"Archaeological Ruins" in Israel.

Discussion in 'Happy Hour' started by devans, May 20, 2008.

  1. devans

    devans Mentor

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    <DIV =mvb>By Martin Asser
    BBC News, Iqrit, Israel </TD></TR></T></TABLE>[​IMG]



    According to our Israeli road atlas, Route 899 runs from the sea along the Lebanese border to the town of Sasa, and along the way passes an "archaeological ruin" called Iqrit.



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    <DIV =cap>Iqrit's only remaining permanent structure is the old stone church</TD></TR></T></TABLE>


    The three-dot symbol on the map is one of hundreds of such locations throughout this historically rich land - but this is no biblical or Roman-era relic.


    Iqrit was an Arab Christian village vacated during the 1948-49 war, one of hundreds of villages in the former Palestine whose populationseither went into exile or, as in the Iqritis' case, into internal displacement in the new Israeli state.


    While traces of many of these deserted villages have all but disappeared, the sparsely wooded hilltop of Iqrit - against all odds - continues to play host to its former inhabitants and their children and grandchildren.


    On the first Saturday of every month, a priest comes to hold mass in the only permanent building left in the village, the blue-domed St Mary's church.


    Here Iqritis get married and christen their children, and they bury dead in the little cemetery at the bottom of the hill.


    On Sundays and public holidays, youngsters play football on the hilltop's only flat area, parents arrange picnics and old-timers reminisce or sit in silent thought.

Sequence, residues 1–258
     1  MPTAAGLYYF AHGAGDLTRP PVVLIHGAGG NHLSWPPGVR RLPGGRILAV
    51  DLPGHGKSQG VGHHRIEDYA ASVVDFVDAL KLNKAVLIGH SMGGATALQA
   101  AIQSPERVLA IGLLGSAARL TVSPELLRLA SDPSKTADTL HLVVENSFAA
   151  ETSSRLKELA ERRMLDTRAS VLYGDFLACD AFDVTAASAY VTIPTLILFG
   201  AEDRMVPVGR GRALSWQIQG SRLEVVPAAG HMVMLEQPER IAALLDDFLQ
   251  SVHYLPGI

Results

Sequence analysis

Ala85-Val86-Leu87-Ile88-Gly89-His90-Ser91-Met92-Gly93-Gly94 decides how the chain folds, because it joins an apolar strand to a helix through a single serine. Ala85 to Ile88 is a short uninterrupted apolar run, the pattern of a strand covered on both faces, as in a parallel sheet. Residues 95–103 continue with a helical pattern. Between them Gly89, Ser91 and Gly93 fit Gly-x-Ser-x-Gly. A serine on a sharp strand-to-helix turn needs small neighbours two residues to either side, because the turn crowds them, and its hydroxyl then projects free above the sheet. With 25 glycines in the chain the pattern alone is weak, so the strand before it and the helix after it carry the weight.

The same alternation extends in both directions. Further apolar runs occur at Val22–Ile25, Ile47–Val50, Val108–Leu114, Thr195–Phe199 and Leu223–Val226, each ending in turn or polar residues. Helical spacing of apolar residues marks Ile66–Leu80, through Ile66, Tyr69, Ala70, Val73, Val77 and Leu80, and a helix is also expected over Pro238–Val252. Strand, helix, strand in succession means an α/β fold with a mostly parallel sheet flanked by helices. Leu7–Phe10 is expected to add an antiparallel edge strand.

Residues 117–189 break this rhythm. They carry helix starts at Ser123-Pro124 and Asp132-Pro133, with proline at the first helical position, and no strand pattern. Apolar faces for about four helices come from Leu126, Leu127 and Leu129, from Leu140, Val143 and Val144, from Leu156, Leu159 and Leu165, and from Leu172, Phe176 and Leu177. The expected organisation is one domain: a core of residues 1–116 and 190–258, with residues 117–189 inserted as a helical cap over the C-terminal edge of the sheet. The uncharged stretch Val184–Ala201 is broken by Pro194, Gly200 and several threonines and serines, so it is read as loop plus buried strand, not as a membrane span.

Hopes dashed


    One old man, 80-year-old Asad Mbada Daoud, says he remembers clearly the day Israeli troops captured Iqrit, in October 1948.


    Initially, it seemed the 450 inhabitants might remain in their homes after surrendering to the troops and pledging to live in peace under Israeli rule.



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    <DIV =cap>Asad Daoud was 20 when his village surrendered to the Israeli army</TD></TR></T></TABLE>





    After a week, however, they were evacuated by force to al-Rama, about 12 miles (20km) south, while the army "cleaned" the border area of Arab fighters.


    "It was a very hard life," says Mr Daoud. "All our food and resources were in the village, we had no work. We lived 60 to a room in schools, or stayed in empty houses of refugees."


    Assurances that they would be allowed to return after a fortnight were not honoured; weeks of exile turned into months, years. Despite several court rulings in the inhabitants' favour, the Israeli military prevented their return citing emergency regulations.


    On Christmas Eve in 1951, army officers took some village elders to a nearby hill and they watched as the old stone houses were blown up with dynamite and tank fire, as many other Palestinian villages had been.


    You can read the rest at http://news.bbc.co.uk/1/hi/world/middle_east/7361036.stm
     
  2. Solomon Kane

    Solomon Kane Mentor

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    God bless these good people, may their village and their independence be restored.
     
  3. Colonel_Reb

    Colonel_Reb Hall of Famer

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    Amazing and sad story there devans. Thanks for posting it!
     

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